Mendelsohn: That is true. The word “effervescent” certainly isn’t in Radiohead’s vocabulary. Unless there is a word for that in Esperanto. But it’s not just the atmospherics or the occasional fits of bleakness or alienation. There is the languid pacing, the stark piano or guitar balladry, Chilton’s near falsetto warbling and washed-out vocals, the waves of feedback — all of these things inform Radiohead’s music. Go back and listen to The Bends or OK Computer.
Klinger: I’ve done my time listening to Radiohead. Still, like those lovable Oxonian scamps, Chilton was clearly no stranger to willful perversity, and that’s often as clear in the peaks as it is in the valleys. The song on here that always kills me is “O Dana”, which seems to well up from out of nowhere to build up to a brilliant, shimmering chorus that stops just as soon as it starts. Chilton just leaves you hanging there, wishing he’d just come through once more with that “come on, come on”. But of course he doesn’t — because he’s Alex Chilton, and he would prefer not to. Instead we’re left to focus on the drugs and petty squabbles that are strewn all through the lyrics. It’s actually a pretty neat little encapsulation of his entire career as a refusenik extraordinaire.
Mendelsohn: “O Dana” also happens to be the track that I think typifies this record. It shows off flashes of brilliance, reels you in just enough, and then quits. That’s this record in a nutshell. I don’t want to just chalk it up to Chilton’s fickleness. Third/Sister Lovers just seems so incomplete — probably owing to the fact that the label just sort of released it. Does it bother you that this record plays almost like a demo tape, full of disparate ideas that could have gelled into something truly special?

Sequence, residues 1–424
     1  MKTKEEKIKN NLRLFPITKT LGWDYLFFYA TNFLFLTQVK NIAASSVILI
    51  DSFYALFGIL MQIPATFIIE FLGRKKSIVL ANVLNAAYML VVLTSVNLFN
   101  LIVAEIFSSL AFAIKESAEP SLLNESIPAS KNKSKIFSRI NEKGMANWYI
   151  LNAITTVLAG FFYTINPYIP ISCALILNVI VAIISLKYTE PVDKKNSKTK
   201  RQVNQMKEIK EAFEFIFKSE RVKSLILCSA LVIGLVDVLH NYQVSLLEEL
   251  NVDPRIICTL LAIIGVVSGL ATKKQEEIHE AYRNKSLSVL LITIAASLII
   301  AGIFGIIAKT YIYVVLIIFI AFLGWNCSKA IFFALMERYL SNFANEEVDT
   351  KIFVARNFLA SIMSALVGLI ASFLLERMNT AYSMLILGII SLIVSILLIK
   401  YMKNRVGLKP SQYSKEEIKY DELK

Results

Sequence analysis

Klinger: Well, I’d argue that it already did gel into something truly special, and I’m not sure if further polishing would have refined it. (Also, it wasn’t even Ardent that just sort of released it. Third was drifting around as a bootleg for a few years before the tiny indie label PVC released the first edition. It was later released by Ryko with a bunch of bonus tracks that make the album sound even sketchier, to my way of thinking.) The magic of Third is in its ramshackle nature, and I think that’s baked right into the songs as much as it’s rooted in the production or arrangements. In fact, several of the songs are made to seem even more fully formed thanks to some sumptuous string arrangements from Carl Marsh, who transforms songs like “Take Care” and elevates drummer Jody Stephen’s contribution “For You” into something far beyond its original simplicity.
At the same, whatever pleasure can be gleaned from Third/Sister Lovers is tempered by the understanding that this was an album that was made by some people who were barely keeping it together. Chilton was in the midst of a chaotic relationship with Lesa Aldridge, and while her contributions to the album are often felt more than heard (especially since Chilton is alleged to have wiped a lot of her recorded tracks in a fit of pique), the lunacy surrounding their romance is central to the album’s myth. Also to hear a lot of people tell it, much of the Memphis scene in the mid-1970s was awash in a sea of really janky drugs, the kind that make a song like “Holocaust” make sense. But it’s that whole push and pull between pop and paranoia that keeps me coming back to Third/Sister Lovers, even more so than their first two albums.